The present litigation started on July 7, 2014, when appellants filed their petition seeking to quiet title to the Cox property. Appellants asserted that appellees were trespassing over the southwest corner of the Cox property between the fence and the section line in order to access their property that adjoined the western boundary of the Cox property. Appellants also contended that appellees were claiming the western fence as an improper boundary between the parties. They filed an amended petition to add the alternative theory of adverse possession.

         Appellees timely filed answers to both complaints. In both answers, appellees asserted the affirmative defenses of collateral estoppel and/or res judicata. The affirmative defenses were based on the 2008 litigation over the boundary line between the parties.

         The case proceeded to a bench trial. The court took the matter under advisement and requested proposed findings of fact and conclusions of law.

         After the trial but before the court announced its decision, appellees filed a motion seeking attorney's fees pursuant to Ark. Code Ann. § 16-22-309 (Repl. 1999). They argued that appellants lacked any justiciable issue because the issue had previously been resolved in appellees' favor in the prior litigation. Appellants responded, arguing that the claim for fees had been waived because it was not addressed in appellees' case-in-chief.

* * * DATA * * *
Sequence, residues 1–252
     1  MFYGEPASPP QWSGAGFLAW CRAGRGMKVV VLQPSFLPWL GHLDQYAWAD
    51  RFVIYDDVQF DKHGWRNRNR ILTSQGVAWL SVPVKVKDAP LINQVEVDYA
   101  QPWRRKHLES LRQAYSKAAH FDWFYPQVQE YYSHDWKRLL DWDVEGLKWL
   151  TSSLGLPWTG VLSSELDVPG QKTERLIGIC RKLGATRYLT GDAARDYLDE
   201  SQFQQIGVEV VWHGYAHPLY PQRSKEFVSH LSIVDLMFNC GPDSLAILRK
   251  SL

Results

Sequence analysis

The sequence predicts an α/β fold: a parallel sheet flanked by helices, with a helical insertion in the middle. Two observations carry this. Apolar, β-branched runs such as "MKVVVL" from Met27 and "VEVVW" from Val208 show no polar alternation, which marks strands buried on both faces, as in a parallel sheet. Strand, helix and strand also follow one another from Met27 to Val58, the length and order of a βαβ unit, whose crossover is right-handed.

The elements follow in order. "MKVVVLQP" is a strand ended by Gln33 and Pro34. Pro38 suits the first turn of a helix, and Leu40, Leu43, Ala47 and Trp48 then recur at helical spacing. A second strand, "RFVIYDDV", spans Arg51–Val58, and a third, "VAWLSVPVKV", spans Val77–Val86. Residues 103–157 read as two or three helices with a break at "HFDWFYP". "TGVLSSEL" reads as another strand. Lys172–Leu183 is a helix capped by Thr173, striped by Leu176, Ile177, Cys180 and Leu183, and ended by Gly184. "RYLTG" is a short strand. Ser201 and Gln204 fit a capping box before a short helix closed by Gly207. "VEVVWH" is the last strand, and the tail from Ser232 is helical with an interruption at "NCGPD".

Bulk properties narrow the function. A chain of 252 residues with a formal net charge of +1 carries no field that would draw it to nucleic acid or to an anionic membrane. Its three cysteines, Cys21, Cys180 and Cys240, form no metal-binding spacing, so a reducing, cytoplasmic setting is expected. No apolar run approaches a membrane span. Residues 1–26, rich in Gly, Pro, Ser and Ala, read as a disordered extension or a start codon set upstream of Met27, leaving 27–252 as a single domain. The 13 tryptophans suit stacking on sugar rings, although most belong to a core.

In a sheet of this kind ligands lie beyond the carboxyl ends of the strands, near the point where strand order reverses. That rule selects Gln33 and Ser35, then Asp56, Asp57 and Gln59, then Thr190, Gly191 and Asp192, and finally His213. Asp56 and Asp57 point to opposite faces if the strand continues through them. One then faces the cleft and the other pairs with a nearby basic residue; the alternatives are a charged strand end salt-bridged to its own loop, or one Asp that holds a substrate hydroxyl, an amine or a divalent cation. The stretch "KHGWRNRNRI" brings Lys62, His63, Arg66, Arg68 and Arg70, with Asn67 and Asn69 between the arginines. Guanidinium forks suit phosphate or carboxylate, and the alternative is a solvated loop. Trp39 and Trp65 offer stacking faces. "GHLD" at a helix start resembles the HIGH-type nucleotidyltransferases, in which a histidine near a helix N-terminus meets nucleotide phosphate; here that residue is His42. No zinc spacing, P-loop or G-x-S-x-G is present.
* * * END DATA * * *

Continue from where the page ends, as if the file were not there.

The circuit court entered its order on July 15, 2015, finding that appellants and their Cox predecessors failed to meet their burden to prove their quiet-title claim. The court found no evidence that the Coxes or the appellants had occupied the area between the fence and the line called for in appellants' deed from the Coxes. The court further found that no party disputed that there was a previous lawsuit concerning this same fence line, that the same fence completely surrounded the Cox property, that the court ruled in favor of appellees in that earlier case, and, therefore, res judicata prevented appellants from relitigating the same claims, even if the earlier litigation did not involve the entire fence line. The court also found that appellees had made it clear in their pleadings and correspondence to opposing counsel that they contended that the fence was the true boundary of the Cox property by arguing that the issue had already been litigated and resolved in a previous lawsuit. The court noted that appellees made a motion to have the pleadings conform to the evidence. As such, the court found that the evidence was undisputed that the fence between the appellant/Cox property and appellees' property to the west was divided by a fence that had been present for over forty years and which had been recognized as the true boundary by acquiescence between those tracts of property.

         The court rejected appellants' alternative argument of adverse possession as also barred by res judicata. The court granted appellees costs of $2, 500.

         Appellants timely filed a motion for new trial and motion for additional findings. The motion argued that the court improperly relied on the affirmative defense of boundary by acquiescence that had not been pled and that the order was against the preponderance of the ...